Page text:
Traffic > Transit

LRT-1 Cavite Extension nears completion

DOTr says it will be done before President Duterte’s term ends

The future LRT-1 trains and their depot in Baclaran are looking good. PHOTO FROM DOTR

While the current administration is at its twilight, with elections around the corner, it seems like the people at the Department of Transportation are working tirelessly to deliver more infrastructure projects as quickly as possible that should help alleviate the transport and mobility problemin particular for the people living in the southern suburbs of the metro.

DOTr Secretary Art Tugade, speaking at the recent ground-breaking of the Baclaran Depot Expansion, identified three major milestones that the project achieved recently: the start of the arrival of the latest fourth-generation light-rail vehicles (LRVs) for LRT-1, which will be deployed in stages starting this second quarter of 2022 on its existing Baclaran-to-Roosevelt line; the erection of the last span of vertical structures for the project’s first phase, which was completed last February 7; and the completion of the civil works for the LRT-1 Cavite Extensions Baclaran Depot. This has been long delayed due to a variety of issues, but was planned and initially implemented as far back as 2000.

The Baclaran Depot expansion adds 4.2 hectares to the existing 6.4 hectares, bringing the total depot size to 10.6 hectares. This increases both stabling and maintenance capacitya crucial step to be able to sustainably support the increase in LRV and ridership numbers, which DOTr expects to go up from the existing 500,000 riders to 800,000 riders when the extension is finished and the entire length of the transit line is fully operational.

Twenty-one stabling and maintenance tracks will be added to the existing 45 tracks, and maintenance capacity will be up from 30 LRVs to a total of 48. The total stabling capacity will increase from the existing 130 LRVs to a total of 182.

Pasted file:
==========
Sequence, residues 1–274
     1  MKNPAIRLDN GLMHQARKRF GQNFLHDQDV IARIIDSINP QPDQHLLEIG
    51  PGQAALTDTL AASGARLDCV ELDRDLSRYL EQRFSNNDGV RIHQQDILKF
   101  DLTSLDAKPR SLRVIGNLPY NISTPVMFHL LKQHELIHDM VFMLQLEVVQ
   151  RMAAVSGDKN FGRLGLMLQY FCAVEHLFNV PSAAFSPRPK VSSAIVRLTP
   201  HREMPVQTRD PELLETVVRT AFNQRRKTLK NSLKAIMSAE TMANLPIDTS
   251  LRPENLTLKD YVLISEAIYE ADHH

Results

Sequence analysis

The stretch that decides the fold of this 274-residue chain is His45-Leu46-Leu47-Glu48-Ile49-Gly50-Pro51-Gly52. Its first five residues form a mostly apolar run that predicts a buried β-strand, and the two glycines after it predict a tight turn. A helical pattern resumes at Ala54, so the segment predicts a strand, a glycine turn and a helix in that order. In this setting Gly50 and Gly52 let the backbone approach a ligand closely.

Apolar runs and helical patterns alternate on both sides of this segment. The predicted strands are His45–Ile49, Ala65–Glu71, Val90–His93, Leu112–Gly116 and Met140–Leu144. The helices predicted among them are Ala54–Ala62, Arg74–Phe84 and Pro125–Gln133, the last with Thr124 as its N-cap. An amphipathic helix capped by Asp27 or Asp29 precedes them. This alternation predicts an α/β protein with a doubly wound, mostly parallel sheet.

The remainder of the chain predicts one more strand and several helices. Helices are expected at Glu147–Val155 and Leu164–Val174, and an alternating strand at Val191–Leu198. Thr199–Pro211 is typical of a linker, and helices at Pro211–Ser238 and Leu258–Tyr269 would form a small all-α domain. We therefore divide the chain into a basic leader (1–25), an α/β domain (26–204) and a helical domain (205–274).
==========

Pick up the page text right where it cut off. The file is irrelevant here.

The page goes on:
The expansion of the Baclaran Depot means more stabling and maintenance tracks for the LRVs. PHOTO FROM DOTR

Aside from the Baclaran Depot expansion, there will be a satellite depot that is also nearing completion, presently at 93.36%. The New Zapote Satellite Depot, as it is known, covers an area of 4.3 hectares, with a handling capacity of 80 LRVs and featuring 22 stabling and maintenance tracks, further future-proofing the transit line for greater development and expansion (as well as ensuring quality service and maintenance of its LRVs).

The Japan International Cooperation Agency has been instrumental in the development of various infrastructure projects, especially our transit systems. Its senior representative Kenji Kuronuma was quoted as saying: “JICA, as your development partner, has remained steadfast with its mission and vision for the development of the Philippines. Our key direction to achieve high-quality growth for the Philippines by decongesting Metro Manila shall continue to be enforced for the country’s Build, Build, Buildprogram.”

Once completed, the LRT-1 Cavite Extension will reduce travel time dramatically from Cavite to Baclaran from the average 75 minutes to a swift 25 minutes. It will help decongest major roads like CAVITEX and Coastal Road Highway, and service the communities in Parañaque, Las Piñas and, of course, the province of Cavite. There will be eight additional stations from Redemptorist Road to the terminus at Niog Station. It will also help speed up travel time from south to north from Niog to Roosevelt Avenue Station in Quezon City to just an hour, from the current three hours using a car during peak times.

Let’s hope that with a new administration coming soon, the momentum of all these infrastructure projects will continue so that they will help the country progress further, generate more jobs, and improve the overall quality of life for every single Filipino.

Botchi Santos

Botchi is your friendly, walking car encyclopedia. He loves helping people choose the right vehicle for themselves as much as he enjoys picking the right one for himself. Expect him to write about car culture, test drives and car-shopping advice. His regular column is called ‘Car Life’.